My “normal” had shifted yet further. Dark thoughts had now become usual… compulsive… and occasionally genuinely compelling. Part of me knew something was wrong, but I simply wasn’t strong enough to fight, let alone overcome, my demons (if that’s the right word). In truth, the stronger part of me didn’t want to fight… I deserved to feel the way I did.
It was a potentially dangerous downward spiral and much as I tried, whether instinctively or deliberately, to hide what others may have perceived as weakness; those who cared most could see through the charade. Eventually, I crumbled… specifically from the pressure of trying to deal with a hugely traumatic series of events; and I had that single brief moment of objective clarity that enabled me to make the call to the doctor—and that, I suppose, was the first step to getting to where I am today.
I was originally diagnosed with depression, but the correct diagnosis should actually have been “double depression”. Whilst my underlying (and undetected) dysthymia was always present, but manageable; it was the second episode (on top of the pre-existing condition) that was a big enough change from the familiar to finally make me pick up the phone. The second layer of depression was treated (pretty successfully), but the dysthymia remained… because it was so much part of who I was (and am) that the specific symptoms were either lost in the extremes or not even raised for consideration.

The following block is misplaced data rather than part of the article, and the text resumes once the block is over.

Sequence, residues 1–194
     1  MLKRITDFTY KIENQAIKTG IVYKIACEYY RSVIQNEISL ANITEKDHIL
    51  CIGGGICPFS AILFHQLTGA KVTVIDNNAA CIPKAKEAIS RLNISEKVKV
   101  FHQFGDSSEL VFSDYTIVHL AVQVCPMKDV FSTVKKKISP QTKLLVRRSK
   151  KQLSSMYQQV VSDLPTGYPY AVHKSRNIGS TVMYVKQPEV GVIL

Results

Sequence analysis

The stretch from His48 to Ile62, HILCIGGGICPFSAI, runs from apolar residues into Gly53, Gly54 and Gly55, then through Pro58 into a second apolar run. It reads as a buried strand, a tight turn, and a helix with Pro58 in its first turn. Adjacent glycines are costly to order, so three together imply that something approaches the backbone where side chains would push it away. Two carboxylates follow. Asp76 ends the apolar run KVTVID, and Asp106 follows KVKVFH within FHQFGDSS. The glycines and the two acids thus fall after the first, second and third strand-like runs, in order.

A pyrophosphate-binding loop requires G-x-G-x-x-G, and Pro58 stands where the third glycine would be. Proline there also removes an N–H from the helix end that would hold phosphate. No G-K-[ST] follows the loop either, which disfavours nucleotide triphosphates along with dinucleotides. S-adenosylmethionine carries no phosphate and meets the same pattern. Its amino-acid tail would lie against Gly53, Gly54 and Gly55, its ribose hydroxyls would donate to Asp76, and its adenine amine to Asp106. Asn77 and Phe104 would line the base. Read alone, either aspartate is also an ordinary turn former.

That was in 2004; it’s 2016 now and in many respects I am a totally different person.
Meeting Elaine was undoubtedly the most important single course-changing moment of my life; and whilst my sleep remains disturbed by recurring bad dreams (some of which I’ve had for over thirty years) and subconscious memories of not-so-good times gone by, my waking hours are so much better because of the person with whom every single day starts and ends.
That said I still have dysthymia. I will always have dysthymia. It’s part of me and who I am, but the difference is it’s no longer in a totally negative way. The massive lows are rare, but can still happen (November 2011 and June 2015 were the last two); now though I recognise the signs and I know that the feelings will eventually pass. Yes I still have a low opinion of myself… I fear failure, and usually expect to fail, and as I mentioned right at the start, I continue to struggle with those feelings of “doom and gloom”—but as well as having the support of Elaine, my parents and other close family and friends, my “challenges” have undeniably taught me so much.
The list may not be the toughest tests or biggest adrenaline rushes in the world, but I have done things I never thought I would, or could. I have reached out and asked for help… and it’s been there—and I’m so grateful. If there is a moral to this blog, it would be to translate the previous sentence to relate to dealing with a mental health issue rather than planning a stand-up comedy routine (for example). I know just how much strength it takes simply to ask for help… but don’t ever underestimate the possible consequences….
I might not always look happy… in fairness I may not always feel happy; but deep down, I am happy… very happy indeed.
Richard... Jack of some trades... you can guess the rest